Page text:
CSU backs growth in agricultural education

13 DECEMBER 2013

Charles Sturt University (CSU) Vice-Chancellor and President Professor Andrew Vann has welcomed a report on Agricultural Education and Training in NSW which underlined the importance of agriculture for all Australians.

Charles Sturt University (CSU) Vice-Chancellor and President Professor Andrew Vann has welcomed a report on Agricultural Education and Training in NSW which underlined the importance of agriculture for all Australians.
 
The report, by Emeritus Professor Jim Pratley – a Research Professor of Agriculture in the School of Agricultural and Wine Sciences (SAWS) at CSU, was released by the NSW Government yesterday.
 
"The report clearly demonstrates there will be increased demand for Australian agricultural products over the coming decades," Professor Vann said.
 
"This will benefit all Australians, but only if we are able to provide a workforce to allow the industry to thrive.
 
"That is why it is so important for the industry to assess its need for qualified agribusiness professionals, and to clearly articulate that need to all levels of government.
 
"Australian universities will also need to work with industry to ensure the continued availability of suitably trained graduates to work in agricultural business management, finance, trade, and associated roles."
 
CSU SAWS course director Dr Yann Guisard said the report highlighted the need to better integrate agricultural issues into the curriculum for primary and high school students.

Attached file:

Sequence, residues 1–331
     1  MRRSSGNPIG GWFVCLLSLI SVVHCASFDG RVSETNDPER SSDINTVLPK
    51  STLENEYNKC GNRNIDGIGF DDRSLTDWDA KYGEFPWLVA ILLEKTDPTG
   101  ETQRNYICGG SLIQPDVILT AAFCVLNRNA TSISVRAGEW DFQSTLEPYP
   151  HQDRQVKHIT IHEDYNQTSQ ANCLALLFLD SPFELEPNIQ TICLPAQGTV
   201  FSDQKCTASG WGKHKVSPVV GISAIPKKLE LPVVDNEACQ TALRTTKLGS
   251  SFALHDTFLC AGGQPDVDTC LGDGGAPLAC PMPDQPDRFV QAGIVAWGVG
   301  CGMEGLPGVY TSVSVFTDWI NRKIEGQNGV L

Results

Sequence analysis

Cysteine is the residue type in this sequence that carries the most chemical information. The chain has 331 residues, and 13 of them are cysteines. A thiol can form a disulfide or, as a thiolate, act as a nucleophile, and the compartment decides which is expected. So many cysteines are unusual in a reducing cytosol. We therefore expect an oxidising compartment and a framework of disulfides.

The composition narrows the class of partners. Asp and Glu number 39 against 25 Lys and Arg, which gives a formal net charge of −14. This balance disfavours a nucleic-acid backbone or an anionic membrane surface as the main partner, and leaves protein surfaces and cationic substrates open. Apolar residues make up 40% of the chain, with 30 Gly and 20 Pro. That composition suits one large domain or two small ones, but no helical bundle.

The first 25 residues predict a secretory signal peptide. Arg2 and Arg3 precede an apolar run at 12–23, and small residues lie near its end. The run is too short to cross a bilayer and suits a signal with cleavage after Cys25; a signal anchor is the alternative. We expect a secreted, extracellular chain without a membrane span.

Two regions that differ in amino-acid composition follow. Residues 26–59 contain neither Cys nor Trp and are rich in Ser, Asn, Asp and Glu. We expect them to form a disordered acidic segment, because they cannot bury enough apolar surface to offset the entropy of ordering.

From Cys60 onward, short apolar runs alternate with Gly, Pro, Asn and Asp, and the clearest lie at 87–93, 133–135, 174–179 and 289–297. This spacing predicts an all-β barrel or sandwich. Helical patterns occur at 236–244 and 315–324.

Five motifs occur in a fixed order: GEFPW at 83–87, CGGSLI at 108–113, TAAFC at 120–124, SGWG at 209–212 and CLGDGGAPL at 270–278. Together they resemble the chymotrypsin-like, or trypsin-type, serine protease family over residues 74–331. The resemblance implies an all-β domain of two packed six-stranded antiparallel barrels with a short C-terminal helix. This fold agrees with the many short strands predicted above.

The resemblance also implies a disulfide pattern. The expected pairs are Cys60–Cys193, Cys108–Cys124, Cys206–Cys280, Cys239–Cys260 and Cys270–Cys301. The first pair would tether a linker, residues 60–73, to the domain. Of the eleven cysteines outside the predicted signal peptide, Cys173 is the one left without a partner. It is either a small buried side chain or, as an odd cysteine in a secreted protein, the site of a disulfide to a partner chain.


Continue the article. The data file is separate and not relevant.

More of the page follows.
"What we're seeing is that there's a growing disconnect between the realities of agricultural business and practice in Australia, and the perception of it by students and the broader population," he said.
 
"Modern agricultural practice demands skills in science and economics, and an appreciation of both Australian and international markets. It utilises the latest technology, it can take you around the world, and it's evolving at a very rapid rate.
 
"All of these factors could be used as exemplars in school curriculums in science, mathematics, language studies, history, economics, geography, and the list goes on.
 
"Most graduates from Charles Sturt University's Bachelor of Agricultural Business Management secure jobs before they have even finished the degree, such is the demand from industry. If we're going to continue to meet that demand, we need to ensure we're doing everything we can to show our future students the possibilities that careers in agriculture can offer them."
 
Through its School of Agricultural and Wine Sciences in Orange and Wagga Wagga and its role in research centres, including the Institute for Land, Water and Society,Graham Centre for Agricultural Innovation and National, Wine and Grape Industry Centre, Charles Sturt University is a leading provider of agricultural, horticultural and wine science education in Australia.
Media contact:

Mark O'Brien, (02) 6365 7813

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Agricultural Science Animal and Veterinary science Food production Irrigation Grape and wine science Teaching and Education